Summary: Studies show how the taut protein associated with Alzheimer’s changes from normal to sick.
Source: Flinder University
Alzheimer’s disease, the most common form of dementia, currently has no cure or effective treatment, partly due to gaps in our understanding of how neurodegenerative disorders develop in the brain.
Now, a study by Flinders University shows how a protein called tau, which is a key factor in the development of Alzheimer’s disease, changes from normal to disease and how this discovery can be used as a therapeutic target.
Published in the journal Advances in scienceThe team’s findings promise to prevent the change process, thus keeping the tumor healthy and eliminating toxic effects on brain cells.
“Along with the small amount of amyloid-beta, tau protein is a major cause of Alzheimer’s disease,” said Dr. Arne Etner, senior researcher at the Flinders Health and Medical Research Institute at Neuroscience. They are partners.
During the development of Alzheimer’s disease, toxins accumulate in the brain cells. In this process, the tau is greatly improved, and different deposits carry many small changes in the tau molecule.
While such changes have been known by neuropathologists for decades, it is unclear how Taw will come to this advanced stage. The new study uncovers this part of the secret and provides a new way to explain how to improve it.
The study set out to answer whether a change in one place in tau makes it easier to adjust to another place. The group focuses on the relationship between tau and protein kinases, which are enzymes that promote tau changes.
Dr. Christine Stefanosca, a lead researcher at Flindersz University, says:
However, we suspected that some of these enzymes could target multiple locations in tau and that it would be more effective if Tau was adjusted in one location.
The researchers conducted a large-scale experiment involving up to 20 different mutations in tau and 12 enzymes, focusing on the significant changes in the brains of Alzheimer’s patients.
Although the study found that one change made it easier to promote another, it identified “major sites” in tau as special areas that control subsequent improvements to most other websites.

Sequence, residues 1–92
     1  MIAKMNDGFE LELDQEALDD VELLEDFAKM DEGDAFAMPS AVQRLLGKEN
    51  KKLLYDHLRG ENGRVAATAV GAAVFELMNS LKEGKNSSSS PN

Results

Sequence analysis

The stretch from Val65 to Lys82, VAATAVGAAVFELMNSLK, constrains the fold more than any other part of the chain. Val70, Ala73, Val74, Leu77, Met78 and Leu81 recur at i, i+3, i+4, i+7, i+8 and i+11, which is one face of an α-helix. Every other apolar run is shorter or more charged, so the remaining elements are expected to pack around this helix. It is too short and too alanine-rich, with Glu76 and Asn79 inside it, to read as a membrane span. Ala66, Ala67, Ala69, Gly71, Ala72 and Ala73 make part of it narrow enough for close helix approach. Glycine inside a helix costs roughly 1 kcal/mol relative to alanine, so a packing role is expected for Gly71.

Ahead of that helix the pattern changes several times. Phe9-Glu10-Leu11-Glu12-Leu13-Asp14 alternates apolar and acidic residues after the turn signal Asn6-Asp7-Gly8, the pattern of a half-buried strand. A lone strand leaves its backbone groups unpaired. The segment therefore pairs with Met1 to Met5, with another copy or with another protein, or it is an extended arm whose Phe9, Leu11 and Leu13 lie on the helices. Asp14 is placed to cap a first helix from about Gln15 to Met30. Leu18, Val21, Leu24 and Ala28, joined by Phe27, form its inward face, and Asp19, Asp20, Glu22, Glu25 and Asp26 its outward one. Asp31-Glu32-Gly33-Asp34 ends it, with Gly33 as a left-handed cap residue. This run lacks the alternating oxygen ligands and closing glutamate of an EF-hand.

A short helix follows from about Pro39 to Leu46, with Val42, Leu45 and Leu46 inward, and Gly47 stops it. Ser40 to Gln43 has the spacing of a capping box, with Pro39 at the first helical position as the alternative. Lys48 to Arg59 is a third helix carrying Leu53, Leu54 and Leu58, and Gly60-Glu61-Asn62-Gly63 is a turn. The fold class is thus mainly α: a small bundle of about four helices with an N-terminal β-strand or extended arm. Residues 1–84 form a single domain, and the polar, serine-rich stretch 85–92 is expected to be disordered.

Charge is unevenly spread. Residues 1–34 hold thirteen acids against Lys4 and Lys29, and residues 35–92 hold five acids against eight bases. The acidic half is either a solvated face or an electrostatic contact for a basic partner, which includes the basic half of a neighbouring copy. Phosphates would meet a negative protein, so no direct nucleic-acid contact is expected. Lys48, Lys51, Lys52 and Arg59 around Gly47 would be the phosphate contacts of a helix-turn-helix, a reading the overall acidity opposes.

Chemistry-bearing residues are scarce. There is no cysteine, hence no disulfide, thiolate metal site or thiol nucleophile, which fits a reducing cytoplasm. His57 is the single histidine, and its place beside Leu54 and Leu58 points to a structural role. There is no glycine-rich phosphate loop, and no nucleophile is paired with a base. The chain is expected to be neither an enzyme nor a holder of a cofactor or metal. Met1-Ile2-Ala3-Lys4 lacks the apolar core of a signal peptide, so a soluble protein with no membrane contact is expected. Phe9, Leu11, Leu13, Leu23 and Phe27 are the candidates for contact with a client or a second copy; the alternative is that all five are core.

“By streamlining these major websites, we have been able to drive improvements elsewhere in Tau, which is leading to a similar situation in Alzheimer’s patients,” said Dr. Itner.
The team’s next step was to see if master sites could be targeted to reduce Alzheimer’s toxicity at master sites.
The current study hired both amyloid and tau mice and developed Alzheimer’s-like symptoms, including memory loss. The researchers found that rats did not develop memory deficits when they had a missing version of tau, which was one of the main sites compared to rats with a standard version of tau.
The team is now examining how to translate the results into treatment.
“We have shown that this new concept has therapeutic potential, but future work is needed to understand the role of these major sites in health and disease,” said Dr. Stefanosca.
“Improvement in Alzheimer’s disease is a complex process. The first change in our tau is the first study to link whole protein to mass enhancement.
According to the authors, the new system and the main areas of the center are involved in a variety of neurological disorders, including Parkinson’s disease, chronic traumatic brain injury and stroke.
“Reducing changes in the major areas of the bowel in these diseases can lead to tau toxicity and dementia,” said Dr. Etner.
“This new method will help us understand why there is widespread improvement in Alzheimer’s disease in the first place. This will help researchers and clinics to design better and earlier diagnostic methods.
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Preliminary study Open access.
”The disappearance of Alzheimer’s disease single mast site eliminates hyperphosphorylation”By Kristie Stefanoska et al. Advances in science
The disappearance of Alzheimer’s disease single mast site eliminates hyperphosphorylation
Hyper phosphorylation of neuronal tumor proteins is a hallmark of neurodegenerative tumors such as Alzheimer’s disease. The central unanswered question is why Taw becomes hyperphosphorylate.
Here, we show that tau phosphorylation is governed by interdependence — the mechanical relationship between the first site-specific and the next multi-site phosphorylation. A systematic assessment of the location of various residues (threonine-50, threonine-69 and threonine-181) identified the major sites that determine phosphorus expansion in several epithelium.
CRISPR point mutation and human expression show that site support in Alzheimer’s mice regulates physiological and amyloid-related multi-site phosphorus and cognitive impairments.
Combined master sites and p38a targeting, central central tow kinase associated with interference, coordinated intermittent hyperphosphorylation. In summary, our work demonstrates how complex tau phosphorylation arises to inform the therapeutic and biomarkers design for tauopathies.